October 21, 2012 – SPACE – Earth is passing through a stream of debris from Halley’s Comet, source of the annual Orionid meteor shower. Forecasters expect ~25 meteors per hour when the shower peaks on Oct. 21st. No matter where you live, the best time to look is during the dark hours before sunrise on Sunday morning. Observers in both hemispheres can see this shower. On Oct. 19th, as Earth was making first contact with the debris stream, NASA’s All-sky Fireball Network recorded 10 Orionid fireballs over the southern USA.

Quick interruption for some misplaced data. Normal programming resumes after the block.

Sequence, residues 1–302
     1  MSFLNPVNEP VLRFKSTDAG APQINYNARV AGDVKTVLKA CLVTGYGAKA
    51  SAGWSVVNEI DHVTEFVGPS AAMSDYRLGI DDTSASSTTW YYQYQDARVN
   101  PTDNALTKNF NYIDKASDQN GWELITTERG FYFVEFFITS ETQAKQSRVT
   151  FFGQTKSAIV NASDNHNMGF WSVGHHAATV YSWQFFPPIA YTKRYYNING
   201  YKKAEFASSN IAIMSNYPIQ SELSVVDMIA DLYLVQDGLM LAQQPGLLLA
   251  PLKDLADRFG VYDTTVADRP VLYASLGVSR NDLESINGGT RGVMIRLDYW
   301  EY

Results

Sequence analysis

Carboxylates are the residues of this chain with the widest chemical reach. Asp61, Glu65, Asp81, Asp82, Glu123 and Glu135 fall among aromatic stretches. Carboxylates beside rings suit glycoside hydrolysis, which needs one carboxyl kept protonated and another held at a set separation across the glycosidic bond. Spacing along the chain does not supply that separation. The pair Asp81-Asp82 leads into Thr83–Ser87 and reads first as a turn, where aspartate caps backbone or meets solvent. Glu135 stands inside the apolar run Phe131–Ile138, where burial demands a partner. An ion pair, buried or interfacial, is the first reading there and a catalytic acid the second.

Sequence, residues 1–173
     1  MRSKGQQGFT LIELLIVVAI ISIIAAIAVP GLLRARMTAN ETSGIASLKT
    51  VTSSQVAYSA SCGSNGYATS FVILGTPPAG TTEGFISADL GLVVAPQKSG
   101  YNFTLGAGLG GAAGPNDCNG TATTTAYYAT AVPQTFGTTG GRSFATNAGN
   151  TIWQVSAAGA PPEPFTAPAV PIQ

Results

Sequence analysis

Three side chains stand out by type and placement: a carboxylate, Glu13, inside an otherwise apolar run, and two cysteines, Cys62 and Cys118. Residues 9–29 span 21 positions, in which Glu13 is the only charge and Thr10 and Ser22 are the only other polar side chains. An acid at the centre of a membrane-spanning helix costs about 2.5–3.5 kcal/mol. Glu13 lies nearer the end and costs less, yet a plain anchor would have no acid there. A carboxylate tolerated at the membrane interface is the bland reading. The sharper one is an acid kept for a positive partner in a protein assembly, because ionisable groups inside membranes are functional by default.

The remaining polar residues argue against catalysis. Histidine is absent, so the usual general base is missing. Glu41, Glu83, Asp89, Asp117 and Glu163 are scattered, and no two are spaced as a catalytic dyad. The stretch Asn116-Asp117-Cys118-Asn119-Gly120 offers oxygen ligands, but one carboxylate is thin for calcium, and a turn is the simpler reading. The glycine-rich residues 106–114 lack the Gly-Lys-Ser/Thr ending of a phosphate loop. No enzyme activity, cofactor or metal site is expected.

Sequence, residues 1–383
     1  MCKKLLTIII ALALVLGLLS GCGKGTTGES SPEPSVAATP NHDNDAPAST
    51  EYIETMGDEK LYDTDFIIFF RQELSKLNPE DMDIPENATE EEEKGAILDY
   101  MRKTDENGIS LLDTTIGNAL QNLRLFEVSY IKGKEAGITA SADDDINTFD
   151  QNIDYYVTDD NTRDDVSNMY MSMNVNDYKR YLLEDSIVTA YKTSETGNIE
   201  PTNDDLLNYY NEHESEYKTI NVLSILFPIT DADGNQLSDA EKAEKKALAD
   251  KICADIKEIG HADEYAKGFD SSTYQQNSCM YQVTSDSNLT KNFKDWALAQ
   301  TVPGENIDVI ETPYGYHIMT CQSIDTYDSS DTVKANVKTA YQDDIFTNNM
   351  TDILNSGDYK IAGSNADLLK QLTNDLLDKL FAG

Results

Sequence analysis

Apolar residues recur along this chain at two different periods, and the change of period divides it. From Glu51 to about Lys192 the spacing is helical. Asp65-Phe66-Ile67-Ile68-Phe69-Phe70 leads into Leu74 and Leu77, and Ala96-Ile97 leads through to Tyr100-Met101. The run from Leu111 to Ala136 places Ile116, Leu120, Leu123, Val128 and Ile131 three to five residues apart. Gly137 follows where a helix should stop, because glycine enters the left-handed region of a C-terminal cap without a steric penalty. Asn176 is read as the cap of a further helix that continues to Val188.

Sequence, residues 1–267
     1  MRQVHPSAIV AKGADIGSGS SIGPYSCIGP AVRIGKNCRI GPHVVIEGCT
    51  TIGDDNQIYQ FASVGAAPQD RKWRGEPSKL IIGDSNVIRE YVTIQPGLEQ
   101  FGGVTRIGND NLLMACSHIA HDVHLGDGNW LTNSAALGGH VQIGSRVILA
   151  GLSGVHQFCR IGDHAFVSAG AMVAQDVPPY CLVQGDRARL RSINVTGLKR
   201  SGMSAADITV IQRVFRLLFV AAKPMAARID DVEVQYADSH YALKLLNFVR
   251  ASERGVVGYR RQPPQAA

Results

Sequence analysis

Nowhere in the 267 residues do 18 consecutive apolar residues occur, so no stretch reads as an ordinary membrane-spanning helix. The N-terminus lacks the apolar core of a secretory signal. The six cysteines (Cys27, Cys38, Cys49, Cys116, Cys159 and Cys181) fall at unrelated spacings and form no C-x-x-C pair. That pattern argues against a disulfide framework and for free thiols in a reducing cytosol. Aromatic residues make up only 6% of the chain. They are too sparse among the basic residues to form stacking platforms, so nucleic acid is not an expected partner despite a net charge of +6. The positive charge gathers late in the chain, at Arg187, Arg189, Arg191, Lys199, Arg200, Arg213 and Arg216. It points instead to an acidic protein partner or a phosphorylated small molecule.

On Oct. 20th at 1814 UT, Earth-orbiting satellites detected a strong M9-class solar flare. The source was a new sunspot, AR1598, emerging over the sun’s southeastern limb. NASA’s Solar Dynamics Observatory recorded the extreme ultraviolet flash (image), which sent waves of ionization rippling through Earth’s upper atmosphere. More flares are in the offing. NOAA forecasters estimate a 40% chance of M-flares and a 10% chance of X-flares during the next 24 hours. –Space Weather